This approach (have the Foo Fighters play! Let folks know Britney will be showing up!) usually fails, and has given social marketing a bad name inside many major brands. “Hey, we tried a deal with (Facebook, MSN, Google, etc) and while a lot of people showed up, no needles really moved, and it all seemed to dissipate as quickly as it started.”
That’s because this approach is pretty much more of the same old sh*t – create a social media execution that has very little value as an organic community, pay a large site a fair chunk of dough to push traffic at it, and then watch as the traffic bounces off it as if it were a heat shield.
There’s another way to do it. A few in fact. I’m particularly a fan of two approaches: First, finding the true leaders of a community you care about, and engaging them in a dialog about how best to join the conversation they lead. What you come up with just might be something like HP’s VoicePosts, Intel’s embedding code and support of BB’s OffWorld, or American Express’ Open Forum.
Secondly, I like the approach of determining you have something valuable to add on your own, and you might become a publisher in your own right, as long as what you build is truly valuable. That’s how you end up with Microsoft’s CrowdFire, or Asus’ WePC.com (or come to think of it, American Express’ Open Forum again.)
Social media marketing is about brands acting, well, social. Which means they need to show up to the party with a nice bottle of wine, if that’s what the party calls for. They need to come ready to have a dialog, and add value to the event. Of course, if they show up with Britney, we won’t complain, if she respects the vibe of the community. If she can’t, well, she probably shouldn’t come in the first place.
Catching up on Mike’s FriendSense riff as well. No doubt about it.
Somehow I missed this - came out earlier in the month. Google took a global approach this year, interesting to see top rising results I’ve never heard of before. Wish they were natively linked by Google, but they were not.
Fastest Rising (Global)
1. sarah palin
2. beijing 2008
3. facebook login
5. heath ledger
7. nasza klasa
8. wer kennt wen
9. euro 2008
10. jonas brothers
Here’s the US version:
Google.com – Fastest Rising (U.S.)
6. fox news
8. beijing 2008
9. david cook
10. surf the channel
Google News – Fastest Rising (U.S.)
1. sarah palin
2. american idol
5. ike (hurricane)
From the wonderful Kevin Kelly:
While we have not yet made anything as complex as a human mind, we are trying to. The question is, what would be more complex than a human mind? What would we make if we could? What would such a thing do? In the story of technological evolution – or even biological evolution – what comes after minds?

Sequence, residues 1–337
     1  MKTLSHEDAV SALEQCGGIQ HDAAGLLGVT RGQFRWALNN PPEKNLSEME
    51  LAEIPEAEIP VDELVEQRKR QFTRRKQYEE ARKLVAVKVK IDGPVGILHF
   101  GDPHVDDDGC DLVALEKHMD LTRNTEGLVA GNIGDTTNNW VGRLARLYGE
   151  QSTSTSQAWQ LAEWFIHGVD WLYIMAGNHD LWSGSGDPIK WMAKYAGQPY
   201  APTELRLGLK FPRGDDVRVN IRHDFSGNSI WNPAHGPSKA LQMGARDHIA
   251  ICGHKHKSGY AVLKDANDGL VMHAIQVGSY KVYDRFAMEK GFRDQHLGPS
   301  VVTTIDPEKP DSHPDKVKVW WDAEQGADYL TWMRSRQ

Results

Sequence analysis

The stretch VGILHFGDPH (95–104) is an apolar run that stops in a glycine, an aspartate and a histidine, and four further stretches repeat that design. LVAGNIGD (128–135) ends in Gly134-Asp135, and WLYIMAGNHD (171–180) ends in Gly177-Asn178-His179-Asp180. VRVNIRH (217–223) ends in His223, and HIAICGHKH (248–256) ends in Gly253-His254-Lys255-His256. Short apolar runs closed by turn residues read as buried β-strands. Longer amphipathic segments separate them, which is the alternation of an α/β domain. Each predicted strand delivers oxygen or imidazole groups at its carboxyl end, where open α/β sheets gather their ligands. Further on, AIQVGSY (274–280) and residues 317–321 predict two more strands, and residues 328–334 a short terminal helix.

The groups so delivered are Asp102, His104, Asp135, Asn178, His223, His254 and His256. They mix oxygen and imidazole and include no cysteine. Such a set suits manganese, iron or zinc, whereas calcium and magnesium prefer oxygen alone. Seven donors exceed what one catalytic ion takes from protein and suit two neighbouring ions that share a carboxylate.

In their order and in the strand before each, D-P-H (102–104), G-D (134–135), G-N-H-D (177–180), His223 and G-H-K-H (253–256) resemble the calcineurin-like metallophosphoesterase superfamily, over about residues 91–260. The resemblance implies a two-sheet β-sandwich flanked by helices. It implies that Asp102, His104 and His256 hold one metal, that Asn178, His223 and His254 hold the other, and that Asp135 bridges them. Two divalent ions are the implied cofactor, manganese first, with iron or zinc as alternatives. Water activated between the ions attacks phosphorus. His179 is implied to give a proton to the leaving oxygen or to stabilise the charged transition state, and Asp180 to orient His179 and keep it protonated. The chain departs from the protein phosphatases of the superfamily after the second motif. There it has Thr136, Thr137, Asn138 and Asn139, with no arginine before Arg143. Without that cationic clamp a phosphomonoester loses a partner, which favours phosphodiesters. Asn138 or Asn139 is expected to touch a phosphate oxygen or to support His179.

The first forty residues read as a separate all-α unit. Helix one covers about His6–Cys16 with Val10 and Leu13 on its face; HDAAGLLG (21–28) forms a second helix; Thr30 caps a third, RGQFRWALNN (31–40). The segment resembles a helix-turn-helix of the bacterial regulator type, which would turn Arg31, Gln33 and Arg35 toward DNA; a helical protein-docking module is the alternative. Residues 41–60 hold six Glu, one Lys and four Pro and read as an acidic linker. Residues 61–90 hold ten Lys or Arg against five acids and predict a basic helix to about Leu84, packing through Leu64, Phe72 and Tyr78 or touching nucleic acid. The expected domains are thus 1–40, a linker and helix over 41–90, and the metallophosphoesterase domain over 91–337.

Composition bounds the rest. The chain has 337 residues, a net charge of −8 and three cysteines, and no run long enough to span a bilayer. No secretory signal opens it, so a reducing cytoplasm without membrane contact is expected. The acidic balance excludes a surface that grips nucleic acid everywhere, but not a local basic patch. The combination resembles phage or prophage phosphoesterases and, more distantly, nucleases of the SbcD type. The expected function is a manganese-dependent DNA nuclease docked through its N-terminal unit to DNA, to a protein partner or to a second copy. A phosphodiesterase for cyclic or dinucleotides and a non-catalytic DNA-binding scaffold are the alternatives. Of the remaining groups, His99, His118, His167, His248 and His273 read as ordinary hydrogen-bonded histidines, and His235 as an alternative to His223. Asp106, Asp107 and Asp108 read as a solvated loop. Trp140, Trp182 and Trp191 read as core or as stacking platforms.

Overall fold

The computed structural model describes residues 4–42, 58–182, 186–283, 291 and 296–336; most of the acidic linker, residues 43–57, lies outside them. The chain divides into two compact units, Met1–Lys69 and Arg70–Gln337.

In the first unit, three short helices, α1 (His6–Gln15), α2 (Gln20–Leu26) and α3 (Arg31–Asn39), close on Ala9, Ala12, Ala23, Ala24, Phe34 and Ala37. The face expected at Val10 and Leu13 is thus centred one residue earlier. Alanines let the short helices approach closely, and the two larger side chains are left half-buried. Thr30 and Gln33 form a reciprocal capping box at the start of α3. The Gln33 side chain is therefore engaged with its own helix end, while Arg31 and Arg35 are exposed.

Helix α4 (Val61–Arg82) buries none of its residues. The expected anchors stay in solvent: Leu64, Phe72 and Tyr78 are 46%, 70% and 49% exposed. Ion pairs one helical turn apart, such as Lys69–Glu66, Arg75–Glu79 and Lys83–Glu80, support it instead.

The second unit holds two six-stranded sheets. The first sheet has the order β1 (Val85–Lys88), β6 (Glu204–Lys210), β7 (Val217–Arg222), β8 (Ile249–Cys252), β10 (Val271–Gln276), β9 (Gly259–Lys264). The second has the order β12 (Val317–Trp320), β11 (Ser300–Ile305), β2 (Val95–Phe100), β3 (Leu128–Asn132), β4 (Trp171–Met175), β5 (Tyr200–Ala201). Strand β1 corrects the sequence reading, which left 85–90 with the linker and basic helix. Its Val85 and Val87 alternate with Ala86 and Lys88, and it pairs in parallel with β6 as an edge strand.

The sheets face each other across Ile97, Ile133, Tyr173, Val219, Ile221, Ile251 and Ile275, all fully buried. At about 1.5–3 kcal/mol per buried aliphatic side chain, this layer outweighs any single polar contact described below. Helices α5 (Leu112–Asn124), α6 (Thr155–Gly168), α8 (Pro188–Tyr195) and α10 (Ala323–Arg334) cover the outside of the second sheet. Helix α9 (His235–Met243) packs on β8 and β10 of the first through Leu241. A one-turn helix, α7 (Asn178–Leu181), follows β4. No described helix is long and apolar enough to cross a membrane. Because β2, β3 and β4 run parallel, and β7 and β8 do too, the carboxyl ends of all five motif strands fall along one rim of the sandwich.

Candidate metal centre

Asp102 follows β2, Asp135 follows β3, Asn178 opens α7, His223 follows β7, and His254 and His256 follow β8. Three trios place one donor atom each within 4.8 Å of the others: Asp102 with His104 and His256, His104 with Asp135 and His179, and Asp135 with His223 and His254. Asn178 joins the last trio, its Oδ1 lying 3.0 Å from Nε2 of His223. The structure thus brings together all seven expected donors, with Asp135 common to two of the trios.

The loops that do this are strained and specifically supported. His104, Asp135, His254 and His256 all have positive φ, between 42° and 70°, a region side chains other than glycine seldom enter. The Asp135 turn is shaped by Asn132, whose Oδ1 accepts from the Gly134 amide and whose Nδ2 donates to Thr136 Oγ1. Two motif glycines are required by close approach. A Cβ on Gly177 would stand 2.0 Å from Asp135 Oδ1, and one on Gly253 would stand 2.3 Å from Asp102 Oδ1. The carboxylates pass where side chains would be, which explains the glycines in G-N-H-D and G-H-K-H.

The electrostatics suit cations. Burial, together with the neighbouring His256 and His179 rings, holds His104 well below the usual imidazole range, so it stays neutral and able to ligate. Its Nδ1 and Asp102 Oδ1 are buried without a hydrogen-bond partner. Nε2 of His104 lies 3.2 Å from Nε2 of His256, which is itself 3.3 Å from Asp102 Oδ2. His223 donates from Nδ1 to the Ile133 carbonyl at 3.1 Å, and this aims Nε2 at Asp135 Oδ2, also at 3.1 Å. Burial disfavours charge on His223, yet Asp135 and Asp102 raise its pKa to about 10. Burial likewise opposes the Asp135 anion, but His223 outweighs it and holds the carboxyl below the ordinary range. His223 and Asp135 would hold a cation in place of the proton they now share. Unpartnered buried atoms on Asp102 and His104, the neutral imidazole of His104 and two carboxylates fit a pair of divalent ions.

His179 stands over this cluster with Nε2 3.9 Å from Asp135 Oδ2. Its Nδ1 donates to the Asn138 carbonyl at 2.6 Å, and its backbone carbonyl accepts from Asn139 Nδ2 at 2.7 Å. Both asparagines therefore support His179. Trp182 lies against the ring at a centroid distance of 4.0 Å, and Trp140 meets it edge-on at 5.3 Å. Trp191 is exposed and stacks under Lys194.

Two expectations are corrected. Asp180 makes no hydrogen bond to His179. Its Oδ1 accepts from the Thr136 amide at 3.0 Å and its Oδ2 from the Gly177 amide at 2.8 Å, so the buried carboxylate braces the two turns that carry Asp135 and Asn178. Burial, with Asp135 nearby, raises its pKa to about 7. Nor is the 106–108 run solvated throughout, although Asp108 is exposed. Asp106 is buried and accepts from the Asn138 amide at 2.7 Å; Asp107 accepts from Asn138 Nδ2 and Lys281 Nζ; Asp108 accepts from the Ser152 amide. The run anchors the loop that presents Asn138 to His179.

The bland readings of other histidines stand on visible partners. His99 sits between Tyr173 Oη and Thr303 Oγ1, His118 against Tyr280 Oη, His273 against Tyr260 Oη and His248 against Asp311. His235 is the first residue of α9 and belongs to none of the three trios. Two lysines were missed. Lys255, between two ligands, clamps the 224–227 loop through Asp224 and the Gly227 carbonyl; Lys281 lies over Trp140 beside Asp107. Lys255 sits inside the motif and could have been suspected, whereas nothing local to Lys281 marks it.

The usual response to “what comes after a human mind” is better, faster, bigger minds. The same thing only more. That is probably true – we might be able to make or evolve bigger faster minds — but as pictured they are still minds.
A more recent response, one that I have been championing, is that what comes after minds may be a biosphere of minds, an ecological network of many minds and many types of minds – sort of like rainforest of minds – that would have its own meta-level behavior and consequences. Just as a biological rainforest processes nutrients, energy, and diversity, this system of intelligences would process problems, memories, anticipations, data and knowledge. This rainforest of minds would contain all the human minds connected to it, as well as various artificial intelligences, as well as billions of semi-smart things linked up into a sprawling ecosystem of intelligences. Vegetable intelligences, insect intelligences, primate intelligences and human intelligences and maybe superhuman intelligences, all interacting in one seething network. As in any ecosystem, different agents have different capabilities and different roles. Some would cooperate, some would compete. The whole complex would be a dynamic beast, constantly in flux.
Make you think of anything?
From the Yahoo Search blog. Worth a read if you’re into this stuff. I think we’re going to see some breakthroughs in this area thanks to new services like Twitter and others adding a layer of real time data.
So far, semantic technologies have been used in commercial products for data integration, enterprise semantic search and content management, etc. I expect this area to grow, but prospectively I see more and more potential for business opportunities in the combination of the social web and semantic technologies as well as in the context of mashups. An area that is also still largely unexplored is the area of advertisements in the context of semantic search.
This is huge for Twitter. As search becomes totally incorporated into the Twitter interface, the service will hit a critical inflection point. Search as its interface is the problem and the solution, and it’s great to see the progress being made (yes, finally). Twitter people search.
As for why I am so all over search as key to Twitter, I’ve got a much longer post in me about that, but at the end of the day, it’s way too hard to figure out how to make Twitter useful for “normal people” – IE those not in the ourosborosphere. Search will help solve that, and at the same time, create the inventory for TweetSense to emerge.